Catch up on One Strange Rock for free before tonight’s episode, “Storm," airing at 10/9c on National Geographic.
Last October, our solar system's first known interstellar visitor whizzed past Earth, a chunk of rock carrying information about distant reaches of the galaxy. Its name: 'Oumuamua, Hawaiian for "messenger from afar arriving first."
The rock is remarkable, but in its home star system, it would have been one of trillions of asteroids—the rocky remnants left from a star system's very formation, including ours. So what makes 'Oumuamua so important? And why study asteroids at all?
A Rocky Beginning
Today, our solar system's asteroids reside between Mars and Jupiter, in a dense region that's known as the asteroid belt. They're thought to all be the remnants from the gas and dust cloud from which planets, suns, and moons were created. Asteroids vary in size; some are so large, they have enough gravitational pull to attract their own moon.
Occasionally, an asteroid's path around our sun intersects with Earth's, and the two bodies collide in sometimes cataclysmic fashion. In the solar system's early days, before the Earth as we know it was ready for life, our world took a serious beating.
But as asteroids dealt our primeval home a pummeling, they also seeded our world for life. When asteroids collided with Earth, they deposited essential building blocks for life—and didn't collide enough to sterilize or destroy our planet.
“It is likely that the asteroids that bombarded Earth during the very early days of the solar system contributed a significant amount of the carbon-rich and water-rich material present on the Earth's surface today,” says NASA astronomer Joseph Masiero. However, he emphasizes that asteroids' contributions to Earth are still being investigated.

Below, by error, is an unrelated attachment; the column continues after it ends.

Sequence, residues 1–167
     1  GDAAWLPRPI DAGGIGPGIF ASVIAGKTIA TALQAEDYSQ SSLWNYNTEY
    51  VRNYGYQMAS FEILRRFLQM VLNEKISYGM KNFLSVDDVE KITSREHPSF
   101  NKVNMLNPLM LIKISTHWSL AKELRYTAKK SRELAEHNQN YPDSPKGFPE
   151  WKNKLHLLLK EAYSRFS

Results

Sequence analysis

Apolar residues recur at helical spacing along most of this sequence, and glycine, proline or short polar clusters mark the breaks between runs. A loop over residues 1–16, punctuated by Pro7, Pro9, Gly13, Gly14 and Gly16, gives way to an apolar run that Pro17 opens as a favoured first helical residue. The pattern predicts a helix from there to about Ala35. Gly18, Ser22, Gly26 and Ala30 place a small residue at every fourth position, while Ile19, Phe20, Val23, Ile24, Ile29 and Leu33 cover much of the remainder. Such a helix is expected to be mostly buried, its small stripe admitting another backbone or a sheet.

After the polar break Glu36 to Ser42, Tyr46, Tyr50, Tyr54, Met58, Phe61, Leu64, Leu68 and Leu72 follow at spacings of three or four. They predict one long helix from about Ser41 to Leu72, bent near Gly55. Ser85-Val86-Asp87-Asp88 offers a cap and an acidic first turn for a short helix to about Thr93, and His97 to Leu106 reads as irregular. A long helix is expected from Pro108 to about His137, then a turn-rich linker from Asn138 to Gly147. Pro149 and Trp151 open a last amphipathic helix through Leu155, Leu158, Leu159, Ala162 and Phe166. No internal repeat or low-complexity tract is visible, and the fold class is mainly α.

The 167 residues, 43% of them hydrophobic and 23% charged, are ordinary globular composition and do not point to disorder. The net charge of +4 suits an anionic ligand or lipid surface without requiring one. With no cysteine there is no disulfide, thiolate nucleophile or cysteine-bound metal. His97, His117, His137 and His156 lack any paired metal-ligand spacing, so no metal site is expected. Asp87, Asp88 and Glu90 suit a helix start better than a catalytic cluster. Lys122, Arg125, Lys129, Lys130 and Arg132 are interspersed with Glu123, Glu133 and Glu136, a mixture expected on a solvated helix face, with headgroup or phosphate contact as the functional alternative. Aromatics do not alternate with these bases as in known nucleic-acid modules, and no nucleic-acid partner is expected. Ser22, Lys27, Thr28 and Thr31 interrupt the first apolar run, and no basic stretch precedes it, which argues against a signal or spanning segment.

Perhaps asteroids even carried life itself through the void. One theory called panspermia suggests that asteroids colliding into Earth four billion years ago deposited life-giving molecules from other planets. A chunk of Mars, for example, could have seeded early life on Earth, the theory holds.
What We Learned From 'Oumuamua
When 'Oumuamua sideswiped our solar system last October, it was the first known asteroid to do so. For the first time, astronomers had the chance to study how planets form in other solar systems. By studying the rock's shape and the particular wavelengths of light it reflected, astronomers could infer what 'Oumuamua was made of.
“Its color and spectrum looked like some of the things in our solar system—that was comforting,” says Masiero. However, he adds that to some astronomers' surprise, 'Oumuamua wasn't seen spewing gas and dust as the sun warmed it, like most comets. One recent study suggests that a layer of organic compounds coats the object, insulating its icy insides from the sun's heat.
Masiero notes that solar systems may be comparable to our own or completely different; that's something astronomers are still working to figure out. Looking at alien asteroids could potentially tell us how planets—even life—form outside our solar system.
“It helps us answer the question of how are we unique,” he says. “How unique is life?”